This page is the unfinished remains of a first attempt at the question of "how do we work with multi-gated devices".
I would read the later attempt, first, if I were you. If that leaves you wanting more, there is a link back to this page at the bottom of that!
While this page is now deprecated, I have been through it, editing out the errors which were there before the 12th of November due to confusion on my part of the roles of pin names and pin numbers when an invisible pin is involved.
If you've been here before, you need to know that on November 6th, 2011, this page was heavily re-written. Large chunks of stuff about "power ports", previously here, were "chopped out". I made a new page, all about power ports. To understand the page you are reading now, you first have to understand power ports. If you don't already know about power ports, read that page, and then come back and read about using gates in multi-gate chips!
Alternatively, there's also a shorter page just saying what a power ports are, without much help on how to use them.
I know.. you came here for the answer to your question. At least that's what drives me to pages on the web.
But I'm going to ask you to bear with me, just skim through this "on trust" that various useful bits and pieces emerge along the way.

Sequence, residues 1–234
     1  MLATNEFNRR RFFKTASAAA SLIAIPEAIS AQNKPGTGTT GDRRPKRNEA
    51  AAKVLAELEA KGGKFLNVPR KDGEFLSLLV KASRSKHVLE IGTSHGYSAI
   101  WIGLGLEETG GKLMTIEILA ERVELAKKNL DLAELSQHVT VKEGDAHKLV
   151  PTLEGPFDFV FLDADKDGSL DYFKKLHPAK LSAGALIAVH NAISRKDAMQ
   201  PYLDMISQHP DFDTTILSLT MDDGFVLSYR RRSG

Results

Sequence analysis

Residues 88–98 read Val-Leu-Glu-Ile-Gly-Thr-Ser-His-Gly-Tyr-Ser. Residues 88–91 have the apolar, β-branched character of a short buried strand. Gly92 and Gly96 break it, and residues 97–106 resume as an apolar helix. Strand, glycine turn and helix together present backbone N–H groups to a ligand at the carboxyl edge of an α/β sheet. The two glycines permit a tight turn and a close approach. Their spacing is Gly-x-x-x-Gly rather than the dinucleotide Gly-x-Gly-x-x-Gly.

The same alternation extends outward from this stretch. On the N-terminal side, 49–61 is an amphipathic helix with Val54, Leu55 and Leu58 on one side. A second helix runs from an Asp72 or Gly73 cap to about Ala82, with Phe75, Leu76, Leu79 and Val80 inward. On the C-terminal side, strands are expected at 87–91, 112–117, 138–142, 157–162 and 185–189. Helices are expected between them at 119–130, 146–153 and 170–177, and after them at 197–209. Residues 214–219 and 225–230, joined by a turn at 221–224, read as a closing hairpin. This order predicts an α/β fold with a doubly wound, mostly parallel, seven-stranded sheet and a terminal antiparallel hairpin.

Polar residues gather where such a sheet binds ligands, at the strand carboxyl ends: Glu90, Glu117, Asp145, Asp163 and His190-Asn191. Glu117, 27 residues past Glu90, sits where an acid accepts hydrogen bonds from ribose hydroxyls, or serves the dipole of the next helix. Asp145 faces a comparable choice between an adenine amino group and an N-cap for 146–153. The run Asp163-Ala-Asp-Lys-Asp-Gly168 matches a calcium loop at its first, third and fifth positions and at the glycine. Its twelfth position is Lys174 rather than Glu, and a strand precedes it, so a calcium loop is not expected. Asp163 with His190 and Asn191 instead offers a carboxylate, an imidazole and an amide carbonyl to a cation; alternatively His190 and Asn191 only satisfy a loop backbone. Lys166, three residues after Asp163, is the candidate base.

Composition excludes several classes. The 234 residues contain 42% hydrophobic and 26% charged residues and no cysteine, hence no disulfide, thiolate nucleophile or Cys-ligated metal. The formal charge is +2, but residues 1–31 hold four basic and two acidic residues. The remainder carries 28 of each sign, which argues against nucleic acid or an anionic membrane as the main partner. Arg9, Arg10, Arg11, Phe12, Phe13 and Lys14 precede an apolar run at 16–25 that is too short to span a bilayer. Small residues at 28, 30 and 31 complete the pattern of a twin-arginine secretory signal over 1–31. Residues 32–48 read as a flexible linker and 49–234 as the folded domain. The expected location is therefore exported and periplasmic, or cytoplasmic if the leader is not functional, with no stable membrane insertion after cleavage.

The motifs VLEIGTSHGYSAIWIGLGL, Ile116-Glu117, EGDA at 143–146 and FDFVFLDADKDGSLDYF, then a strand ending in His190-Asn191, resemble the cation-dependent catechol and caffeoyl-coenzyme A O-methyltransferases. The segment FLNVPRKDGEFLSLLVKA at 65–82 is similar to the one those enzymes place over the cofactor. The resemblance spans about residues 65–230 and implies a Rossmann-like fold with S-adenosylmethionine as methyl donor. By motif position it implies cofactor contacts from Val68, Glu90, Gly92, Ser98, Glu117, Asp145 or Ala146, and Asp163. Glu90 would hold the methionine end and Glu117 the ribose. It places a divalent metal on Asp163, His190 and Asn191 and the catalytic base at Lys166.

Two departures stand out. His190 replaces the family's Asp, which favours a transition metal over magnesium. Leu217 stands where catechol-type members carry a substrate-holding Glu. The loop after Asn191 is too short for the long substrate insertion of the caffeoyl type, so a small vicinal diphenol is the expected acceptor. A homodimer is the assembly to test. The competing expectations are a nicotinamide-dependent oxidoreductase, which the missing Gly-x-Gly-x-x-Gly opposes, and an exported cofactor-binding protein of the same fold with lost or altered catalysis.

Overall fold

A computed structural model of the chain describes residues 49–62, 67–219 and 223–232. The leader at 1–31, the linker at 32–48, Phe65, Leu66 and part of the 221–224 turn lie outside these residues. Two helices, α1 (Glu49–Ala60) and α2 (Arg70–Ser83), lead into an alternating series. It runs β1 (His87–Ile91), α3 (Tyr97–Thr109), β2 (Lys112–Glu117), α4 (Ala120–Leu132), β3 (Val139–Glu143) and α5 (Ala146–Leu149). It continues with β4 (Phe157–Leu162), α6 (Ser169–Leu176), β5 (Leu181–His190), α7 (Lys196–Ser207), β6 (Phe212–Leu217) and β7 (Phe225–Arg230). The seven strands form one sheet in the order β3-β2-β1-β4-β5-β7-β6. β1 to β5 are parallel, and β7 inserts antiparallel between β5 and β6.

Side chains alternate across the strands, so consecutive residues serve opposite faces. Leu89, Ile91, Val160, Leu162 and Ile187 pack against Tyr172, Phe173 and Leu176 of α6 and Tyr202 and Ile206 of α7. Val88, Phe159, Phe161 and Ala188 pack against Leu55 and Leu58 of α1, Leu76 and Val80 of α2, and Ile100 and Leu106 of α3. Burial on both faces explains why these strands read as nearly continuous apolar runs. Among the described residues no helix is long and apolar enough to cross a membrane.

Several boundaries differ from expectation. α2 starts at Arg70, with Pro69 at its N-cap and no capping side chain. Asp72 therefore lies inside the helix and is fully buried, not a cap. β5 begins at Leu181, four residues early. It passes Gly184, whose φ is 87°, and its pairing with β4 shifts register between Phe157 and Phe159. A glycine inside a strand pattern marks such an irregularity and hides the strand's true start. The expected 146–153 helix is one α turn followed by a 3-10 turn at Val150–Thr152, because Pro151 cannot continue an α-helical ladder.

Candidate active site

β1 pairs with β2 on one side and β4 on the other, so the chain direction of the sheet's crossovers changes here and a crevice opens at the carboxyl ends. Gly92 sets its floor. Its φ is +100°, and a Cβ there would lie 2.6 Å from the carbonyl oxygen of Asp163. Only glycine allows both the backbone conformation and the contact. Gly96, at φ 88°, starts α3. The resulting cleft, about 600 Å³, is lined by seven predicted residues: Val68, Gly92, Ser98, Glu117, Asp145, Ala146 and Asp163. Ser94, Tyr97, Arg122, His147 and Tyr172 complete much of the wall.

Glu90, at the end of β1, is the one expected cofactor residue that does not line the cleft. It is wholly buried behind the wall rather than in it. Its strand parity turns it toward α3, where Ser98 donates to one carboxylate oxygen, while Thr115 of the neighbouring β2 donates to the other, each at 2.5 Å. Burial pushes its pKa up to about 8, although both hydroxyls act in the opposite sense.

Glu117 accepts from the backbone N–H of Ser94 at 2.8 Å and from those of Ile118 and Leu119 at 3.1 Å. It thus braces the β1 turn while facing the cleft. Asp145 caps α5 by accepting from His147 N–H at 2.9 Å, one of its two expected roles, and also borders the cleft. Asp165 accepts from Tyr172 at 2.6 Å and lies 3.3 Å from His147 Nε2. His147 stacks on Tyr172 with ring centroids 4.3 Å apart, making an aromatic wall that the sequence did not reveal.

You won't be ready for this unless you have some basic familiarity with KiCad already.
This page will give you some "tricks" for doing stuff. Also, I hope it will help you to understand devices with multiple gates in one package, e.g. the 7400 quad NAND. The tutorial used to try also to explain how ground and power rails are handled in KiCad. That was a mistake! That is a separate issue, with it's own tutorial, as I said a moment ago.
The [[co1schem | circuit]]] it is based on does almost nothing! Don't be puzzled by that. It suffices to illustrate certain KiCad issues. Whether the circuit would work isn't the point. There may even be flaws such as maybe a pull down resistor would be more suitable on the input. Just ignore that kind of issue, if you can. (And write and complain, if you can't!)
(The page name, by the way, comes from: SKills- using a QuadNand package. All of the "SKxxx" pages try to discuss skills, vs the "COxxx" pages, which aim to define concepts.)
Schematic… The resolution in "real life" is better, and you can pan and zoom… but I hope it is adequate to show you where we are going. See also the next two images… they show the first one, split in two to better fit the page.
And here it is in two halves….
Sorry.. here we come to a little "rough edge" which I will try to "sand down" in later editions of this page.
The circuit diagram shown in the three images above is 99% right. It may differ slightly from what the tutorial's text produces in one small (but important) way. You will see junctions on or near the "VCC", "VDD" and ground "things" (The ground "things" are little triangles.) What are these "things"? (All of them… VCC, VDD and ground…. are "power ports") They… and the rules about connecting them are in the other tutorial. (The junctions are superfluous in some cases… but they never do any harm, if you want to be sure you connected the power port you thought you connected!) For now, here at the diagram, I wanted to warn you about the junctions associated with them.